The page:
On 18 August, General Albert d'Amade formed a defence line from Maubeuge to Dunkirk, to prevent the disruption of railways by German cavalry raids. The Scarpe, Escaut and Rhonelle sluices were opened to extend the floods of the Scarpe and the old forts of de Maulde, Flines, Curgies, Condé and Le Quesnoy around Valenciennes were re-occupied. On 20 August, d'Amade formed a line of three territorial divisions de campagne, with the 84th Territorial Division from the Scarpe to the Sambre, the 82nd Territorial Division from the Sambre to the Lys and the 81st Territorial Division from the Lys to the sea. When the BEF advanced to the west of Maubeuge, the 84th Territorial Division advanced to Condé and formed a new defensive line along the Scheldt from Condé to Maulde. On 23 August, the 88th Territorial Division arrived near Lille from Paris, with orders to recapture Tournai. The division was bombarded by heavy artillery, when close to Cysoing the next morning and slowly retired to Templeuve and Arras. After the Battle of Charleroi (21 August) and the Battle of Mons (23 August), Amiens became vulnerable to the advance of the 1st Army as it pursued the BEF and the Fifth Army. At 2:00 a.m. on 24 August, the Siege of Maubeuge began and the 84th Territorial Division fell back towards Cambrai and Marquion. The rearguard was attacked near Fresnes, just south of Condé and next day, the division was engaged near Haspres and defeated.[1]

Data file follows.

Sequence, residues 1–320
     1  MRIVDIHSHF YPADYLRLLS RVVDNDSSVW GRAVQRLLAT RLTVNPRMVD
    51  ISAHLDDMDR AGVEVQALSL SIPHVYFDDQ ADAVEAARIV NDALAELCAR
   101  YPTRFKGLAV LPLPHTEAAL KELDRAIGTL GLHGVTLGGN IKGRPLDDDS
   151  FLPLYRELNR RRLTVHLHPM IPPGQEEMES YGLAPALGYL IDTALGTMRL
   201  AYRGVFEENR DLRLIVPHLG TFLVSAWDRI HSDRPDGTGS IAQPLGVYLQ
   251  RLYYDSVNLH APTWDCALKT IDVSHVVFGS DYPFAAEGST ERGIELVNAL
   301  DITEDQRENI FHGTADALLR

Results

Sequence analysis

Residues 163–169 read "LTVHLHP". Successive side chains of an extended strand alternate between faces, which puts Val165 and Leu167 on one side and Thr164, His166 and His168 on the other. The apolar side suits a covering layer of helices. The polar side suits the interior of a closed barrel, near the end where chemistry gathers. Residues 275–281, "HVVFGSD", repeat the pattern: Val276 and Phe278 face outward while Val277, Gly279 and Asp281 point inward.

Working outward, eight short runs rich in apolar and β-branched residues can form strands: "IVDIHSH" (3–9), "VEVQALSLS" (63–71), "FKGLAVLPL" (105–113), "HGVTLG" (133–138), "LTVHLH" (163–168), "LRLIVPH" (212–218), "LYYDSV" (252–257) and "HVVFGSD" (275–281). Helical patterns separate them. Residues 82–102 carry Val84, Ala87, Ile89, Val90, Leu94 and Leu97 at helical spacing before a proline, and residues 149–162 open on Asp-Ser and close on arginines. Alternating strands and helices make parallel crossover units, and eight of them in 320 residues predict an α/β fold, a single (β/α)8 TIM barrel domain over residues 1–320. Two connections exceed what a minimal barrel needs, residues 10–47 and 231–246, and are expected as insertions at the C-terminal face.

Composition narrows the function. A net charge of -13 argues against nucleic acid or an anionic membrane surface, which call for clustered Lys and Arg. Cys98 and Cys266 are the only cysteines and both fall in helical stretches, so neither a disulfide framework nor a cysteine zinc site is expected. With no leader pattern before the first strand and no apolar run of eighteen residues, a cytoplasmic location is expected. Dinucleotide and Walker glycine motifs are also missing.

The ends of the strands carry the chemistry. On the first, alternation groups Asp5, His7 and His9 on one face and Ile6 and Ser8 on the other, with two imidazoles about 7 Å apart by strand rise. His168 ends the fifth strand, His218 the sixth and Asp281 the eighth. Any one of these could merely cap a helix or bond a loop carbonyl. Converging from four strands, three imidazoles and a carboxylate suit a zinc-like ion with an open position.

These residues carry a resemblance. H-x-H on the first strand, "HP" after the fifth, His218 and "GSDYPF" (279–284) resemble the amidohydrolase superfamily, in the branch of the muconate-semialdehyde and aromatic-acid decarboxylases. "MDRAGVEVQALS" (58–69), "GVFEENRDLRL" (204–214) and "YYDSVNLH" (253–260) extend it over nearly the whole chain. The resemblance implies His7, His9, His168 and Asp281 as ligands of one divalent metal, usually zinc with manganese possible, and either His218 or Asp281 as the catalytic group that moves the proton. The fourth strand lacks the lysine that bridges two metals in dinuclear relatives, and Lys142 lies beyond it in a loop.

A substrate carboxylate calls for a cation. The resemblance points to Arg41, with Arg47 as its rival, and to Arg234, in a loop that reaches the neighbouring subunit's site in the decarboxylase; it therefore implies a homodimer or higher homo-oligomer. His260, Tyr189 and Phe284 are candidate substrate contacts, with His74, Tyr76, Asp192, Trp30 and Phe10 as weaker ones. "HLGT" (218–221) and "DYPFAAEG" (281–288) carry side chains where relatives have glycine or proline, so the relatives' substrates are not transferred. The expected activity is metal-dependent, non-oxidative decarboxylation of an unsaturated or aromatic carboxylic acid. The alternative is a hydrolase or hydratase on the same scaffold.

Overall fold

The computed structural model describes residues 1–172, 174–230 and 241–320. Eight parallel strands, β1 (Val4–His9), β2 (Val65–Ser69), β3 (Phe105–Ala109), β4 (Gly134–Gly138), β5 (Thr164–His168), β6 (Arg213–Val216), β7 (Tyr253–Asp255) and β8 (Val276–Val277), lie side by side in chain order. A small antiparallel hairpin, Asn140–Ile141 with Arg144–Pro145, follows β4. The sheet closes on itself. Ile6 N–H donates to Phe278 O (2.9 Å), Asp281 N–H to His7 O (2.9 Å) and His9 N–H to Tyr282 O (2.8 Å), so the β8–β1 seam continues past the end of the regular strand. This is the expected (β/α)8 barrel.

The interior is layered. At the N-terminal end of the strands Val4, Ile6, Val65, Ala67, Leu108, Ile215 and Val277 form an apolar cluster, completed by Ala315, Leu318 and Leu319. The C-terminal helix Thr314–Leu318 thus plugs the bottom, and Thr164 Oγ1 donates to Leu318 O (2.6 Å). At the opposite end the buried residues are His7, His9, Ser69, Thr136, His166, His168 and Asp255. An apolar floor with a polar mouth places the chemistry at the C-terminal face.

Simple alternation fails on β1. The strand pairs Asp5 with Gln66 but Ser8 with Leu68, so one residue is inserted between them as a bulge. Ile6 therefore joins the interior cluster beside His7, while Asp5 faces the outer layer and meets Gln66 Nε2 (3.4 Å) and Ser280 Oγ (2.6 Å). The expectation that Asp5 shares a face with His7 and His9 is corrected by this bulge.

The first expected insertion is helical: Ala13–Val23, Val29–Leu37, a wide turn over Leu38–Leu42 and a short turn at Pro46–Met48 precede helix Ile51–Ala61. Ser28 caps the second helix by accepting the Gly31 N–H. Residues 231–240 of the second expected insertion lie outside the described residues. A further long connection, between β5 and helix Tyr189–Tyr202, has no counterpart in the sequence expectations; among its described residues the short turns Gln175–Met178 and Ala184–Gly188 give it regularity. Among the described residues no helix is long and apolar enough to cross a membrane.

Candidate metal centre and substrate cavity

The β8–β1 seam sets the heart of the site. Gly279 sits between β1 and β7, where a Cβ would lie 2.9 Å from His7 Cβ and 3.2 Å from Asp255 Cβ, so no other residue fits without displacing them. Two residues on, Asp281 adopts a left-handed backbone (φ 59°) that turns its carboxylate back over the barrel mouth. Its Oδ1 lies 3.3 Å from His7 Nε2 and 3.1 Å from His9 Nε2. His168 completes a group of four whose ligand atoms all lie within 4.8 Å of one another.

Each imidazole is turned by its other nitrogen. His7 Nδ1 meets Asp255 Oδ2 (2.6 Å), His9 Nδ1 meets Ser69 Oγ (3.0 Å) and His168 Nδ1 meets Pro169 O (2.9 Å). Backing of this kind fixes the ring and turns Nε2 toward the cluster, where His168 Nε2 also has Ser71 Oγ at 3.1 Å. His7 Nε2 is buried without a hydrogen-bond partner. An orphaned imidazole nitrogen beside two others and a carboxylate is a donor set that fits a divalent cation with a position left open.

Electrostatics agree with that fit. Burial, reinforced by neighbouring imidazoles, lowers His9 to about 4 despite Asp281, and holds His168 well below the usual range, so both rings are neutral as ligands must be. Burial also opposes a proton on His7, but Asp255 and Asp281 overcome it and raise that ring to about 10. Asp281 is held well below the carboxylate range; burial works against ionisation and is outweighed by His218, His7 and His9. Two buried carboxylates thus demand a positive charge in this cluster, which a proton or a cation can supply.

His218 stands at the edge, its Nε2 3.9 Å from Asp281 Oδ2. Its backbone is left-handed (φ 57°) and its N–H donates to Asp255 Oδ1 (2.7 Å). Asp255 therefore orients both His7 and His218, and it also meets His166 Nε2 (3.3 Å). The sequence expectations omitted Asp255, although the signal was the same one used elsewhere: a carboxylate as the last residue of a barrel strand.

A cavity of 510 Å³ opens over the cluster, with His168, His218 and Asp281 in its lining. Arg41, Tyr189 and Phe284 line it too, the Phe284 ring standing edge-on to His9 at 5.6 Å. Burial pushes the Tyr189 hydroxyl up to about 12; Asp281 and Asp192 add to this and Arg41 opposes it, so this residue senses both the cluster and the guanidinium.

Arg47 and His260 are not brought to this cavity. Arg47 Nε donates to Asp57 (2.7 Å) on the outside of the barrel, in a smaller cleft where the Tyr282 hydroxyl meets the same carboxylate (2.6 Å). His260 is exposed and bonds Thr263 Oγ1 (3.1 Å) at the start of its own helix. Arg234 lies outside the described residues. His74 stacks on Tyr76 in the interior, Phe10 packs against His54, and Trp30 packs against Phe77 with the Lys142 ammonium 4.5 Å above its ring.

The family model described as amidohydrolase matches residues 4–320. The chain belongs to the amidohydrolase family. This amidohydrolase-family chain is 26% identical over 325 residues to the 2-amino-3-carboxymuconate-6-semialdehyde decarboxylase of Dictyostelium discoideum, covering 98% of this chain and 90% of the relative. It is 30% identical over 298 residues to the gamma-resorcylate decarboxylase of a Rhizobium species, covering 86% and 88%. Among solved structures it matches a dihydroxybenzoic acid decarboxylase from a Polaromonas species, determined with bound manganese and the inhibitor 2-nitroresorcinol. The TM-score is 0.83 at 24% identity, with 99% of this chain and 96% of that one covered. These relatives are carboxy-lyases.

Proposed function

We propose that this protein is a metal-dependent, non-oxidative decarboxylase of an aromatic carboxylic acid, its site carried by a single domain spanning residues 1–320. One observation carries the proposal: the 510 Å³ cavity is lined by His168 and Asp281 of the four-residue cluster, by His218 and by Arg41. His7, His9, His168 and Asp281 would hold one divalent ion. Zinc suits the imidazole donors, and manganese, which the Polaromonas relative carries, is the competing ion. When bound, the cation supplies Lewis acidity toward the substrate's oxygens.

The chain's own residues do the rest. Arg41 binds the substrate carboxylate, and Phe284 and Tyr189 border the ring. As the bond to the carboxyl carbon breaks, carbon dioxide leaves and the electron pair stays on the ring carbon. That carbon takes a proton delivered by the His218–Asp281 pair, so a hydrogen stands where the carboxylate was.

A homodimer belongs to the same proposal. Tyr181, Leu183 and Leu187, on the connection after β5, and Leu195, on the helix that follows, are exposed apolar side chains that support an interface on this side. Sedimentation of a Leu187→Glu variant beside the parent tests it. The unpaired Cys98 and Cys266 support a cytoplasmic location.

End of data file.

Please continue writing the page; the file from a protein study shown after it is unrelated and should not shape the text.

French-Belgian frontier zone, 1914

Orders came from Paris to abandon Lille, which was evacuated on 24 August and the 82nd Territorial Division formed a line from La Bassée to Corbehem, with the 81st Territorial Division forming a line from Aire to the sea. The Sixth Group of Reserve Divisions (Group Ebener, with the 61st and 62d Reserve divisions) were sent from Paris, increasing d'Amade's force to six divisions, to hold a 70-mile (110 km) line from Douai to Béthune, Aire to the sea, with another 25,000 troops of the Lille garrison.[2] On 25 August, the German II Corps advanced westwards through Denain, to get behind the left flank of the BEF and after dark reached the vicinity of Cambrai, where rearguards of the 84th Territorial Division defended the Sensée Canal at Bouchain, against a German attempt to cross. During 26 August, the division slowly retreated west of Cambrai; Group Ebener arrived at Marquion and were then ordered by Joffre to Combles and Péronne, to become part of the Sixth Army. The divisions retreated westwards, covered by the 84th Territorial Division, in actions which diverted part of the German II Corps from the BEF during the Battle of Le Cateau (26 August).[3]